CHAPTER ONEINTRODUCTION1.1 BACKGROUND OF THE STUDYThe Gulf of Guinea is made up of the maritime areas of the western parts of the African continent, and harbouring the Atlantic coastlines of 11 west and central African countries. The countries include Senegal, Ghana, Togo, Benin, Nigeria, Cameroon, Equatorial Guinea, Gabon, Sao Tome and Principe, Angola, Congo, among others.The Gulf of Guinea sub-regional oil fields are undisputedly attractive to oil companies because they deliver higher profits per barrel than from most other parts of the world. Similarly, the sub-region has proven reserves of 46 billion barrels, and with extensive exploration and exploitation efforts underway, this is expected to hit 100 billion barrels by the year 2010. Oil industry experts predict that by 2022, the industry will have invested more than $40 billion in the sub-region. Furthermore, according to the U.S. National Intelligence Estimate Report, oil supply levels from the sub-region to the United States are expected to grow from the current 16 percent of U.S. oil imports to 25 percent by the year 2015. Adding that, the natural gas production potential of the Gulf of Guinea sub-region is another reason for increased interest of the world‟s major energy consumers.In recent years, there has been a significant increase in the number of attacks on oil vessels by pirates, in particular in the Gulf of Aden, Somali Basin and the Indian Ocean and recently the Gulf of Guinea. Vast areas of waters are affected making it a great challenge to prevent maritime piracy incidents.Maritime piracy affects major shipping lanes, and puts at risk the lives of seafarers and merchant seamen from all over the world, of who largenumbers amounting to hundreds are taken captive each year.Millions of dollars in ransom payments are paid to pirates. It is believed that these payments are divided between the pirates, their leaders and those who finance them. Intelligence agencies indicate that part of the money is reinvested abroad through Somali emigrants.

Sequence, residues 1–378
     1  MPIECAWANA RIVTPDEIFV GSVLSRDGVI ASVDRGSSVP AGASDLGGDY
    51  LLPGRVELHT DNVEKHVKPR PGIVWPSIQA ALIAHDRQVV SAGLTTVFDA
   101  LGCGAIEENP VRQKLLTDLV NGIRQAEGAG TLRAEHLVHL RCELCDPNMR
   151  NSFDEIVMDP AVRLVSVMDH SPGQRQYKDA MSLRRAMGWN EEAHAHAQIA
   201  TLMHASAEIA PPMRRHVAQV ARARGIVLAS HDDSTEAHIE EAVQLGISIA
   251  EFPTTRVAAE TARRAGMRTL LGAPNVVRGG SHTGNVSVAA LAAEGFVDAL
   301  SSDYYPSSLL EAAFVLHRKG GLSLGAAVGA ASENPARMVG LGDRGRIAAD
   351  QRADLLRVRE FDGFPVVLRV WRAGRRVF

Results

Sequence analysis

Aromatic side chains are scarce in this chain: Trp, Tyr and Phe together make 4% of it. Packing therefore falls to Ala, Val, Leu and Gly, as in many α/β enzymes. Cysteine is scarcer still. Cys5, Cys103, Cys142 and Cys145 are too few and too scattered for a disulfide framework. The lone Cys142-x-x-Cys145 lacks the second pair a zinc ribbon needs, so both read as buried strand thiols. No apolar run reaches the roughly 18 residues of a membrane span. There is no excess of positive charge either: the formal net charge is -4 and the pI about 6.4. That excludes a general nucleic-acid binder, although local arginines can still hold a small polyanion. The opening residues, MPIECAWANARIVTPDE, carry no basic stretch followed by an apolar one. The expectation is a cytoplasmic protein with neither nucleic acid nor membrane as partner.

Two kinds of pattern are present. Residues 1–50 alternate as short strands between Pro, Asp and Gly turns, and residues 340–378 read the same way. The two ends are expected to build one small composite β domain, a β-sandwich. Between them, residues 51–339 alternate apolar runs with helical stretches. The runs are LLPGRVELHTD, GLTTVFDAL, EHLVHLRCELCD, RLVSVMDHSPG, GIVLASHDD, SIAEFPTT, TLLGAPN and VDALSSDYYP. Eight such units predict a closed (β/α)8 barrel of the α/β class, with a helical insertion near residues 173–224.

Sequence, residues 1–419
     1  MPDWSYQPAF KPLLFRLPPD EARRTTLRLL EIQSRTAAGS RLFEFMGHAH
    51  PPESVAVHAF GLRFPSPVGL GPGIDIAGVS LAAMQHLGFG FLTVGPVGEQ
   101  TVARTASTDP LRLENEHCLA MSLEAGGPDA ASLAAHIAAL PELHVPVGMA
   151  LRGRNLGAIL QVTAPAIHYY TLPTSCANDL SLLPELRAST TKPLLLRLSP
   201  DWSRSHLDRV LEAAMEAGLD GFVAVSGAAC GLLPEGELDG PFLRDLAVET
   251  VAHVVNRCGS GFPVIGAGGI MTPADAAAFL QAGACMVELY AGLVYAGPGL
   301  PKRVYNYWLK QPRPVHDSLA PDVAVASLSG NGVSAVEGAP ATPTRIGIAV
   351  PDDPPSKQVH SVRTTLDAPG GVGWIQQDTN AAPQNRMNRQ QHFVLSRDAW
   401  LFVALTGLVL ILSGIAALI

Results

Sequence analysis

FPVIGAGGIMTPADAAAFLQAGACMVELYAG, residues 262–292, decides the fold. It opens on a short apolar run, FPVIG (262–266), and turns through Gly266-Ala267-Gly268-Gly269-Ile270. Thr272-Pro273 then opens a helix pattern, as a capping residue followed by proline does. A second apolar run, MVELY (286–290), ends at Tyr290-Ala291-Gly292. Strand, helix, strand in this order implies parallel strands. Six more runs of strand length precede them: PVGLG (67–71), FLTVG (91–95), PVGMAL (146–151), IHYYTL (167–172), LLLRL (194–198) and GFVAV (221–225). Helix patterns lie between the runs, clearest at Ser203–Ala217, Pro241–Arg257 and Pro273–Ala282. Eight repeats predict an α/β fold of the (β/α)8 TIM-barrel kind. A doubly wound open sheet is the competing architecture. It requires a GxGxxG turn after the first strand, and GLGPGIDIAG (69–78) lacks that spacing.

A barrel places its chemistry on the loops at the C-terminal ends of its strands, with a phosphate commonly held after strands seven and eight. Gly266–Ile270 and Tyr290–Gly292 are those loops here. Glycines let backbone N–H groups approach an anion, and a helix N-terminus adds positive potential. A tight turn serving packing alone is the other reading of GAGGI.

Tracing the financial flows of ransom money is one of the main challenges faced by law enforcement agencies.Over decades off the western coast of Africa just north of the equator, the gulf of guinea has suffered and endured the terror of maritime piracy around its borders and waters.There were 439 worldwide piracy attacks in 2011, more than half of which were attributed to Somali pirates operating in the Gulf of Aden, the Red Sea, the Arabian Sea, the Indian Ocean, and off the coast of Oman. Other piracy hotspots for 2011 included the coast off Nigeria and Benin in West Africa, and Southeast Asia, near Indonesia.In the case of Somalia, analysts say one of the largest drivers of piracy is the lack of an efficient governing authority in the country. The Gulf of Guinea is vast, nearly equal to the Gulf of Mexico, and the shipping lifeline for a dozen nations, ranging from tiny São Tomé and Príncipé to the continent’s most populous, Nigeria, and geographically second largest, the Democratic Republic of Congo. As the primary access route to and from major oil-producing countries Angola and Nigeria, it is critical to international shipping, and its already dense tanker traffic will only increase due to recent discoveries of offshore oil in Ghana, Ivory Coast and Liberia. (www.google.compircay hotspot.org, accessed November 11th 2014)The U.S. first grasped the strategic value of the Gulf of Guinea in the early 2000s, when, as part of a new African oil policy, the Bush administration boosted naval forces there to protect the investment of its oil companies. As piracy began to rise, Washington and its international partners launched maritime security cooperation programs that provide ships and equipment to African navies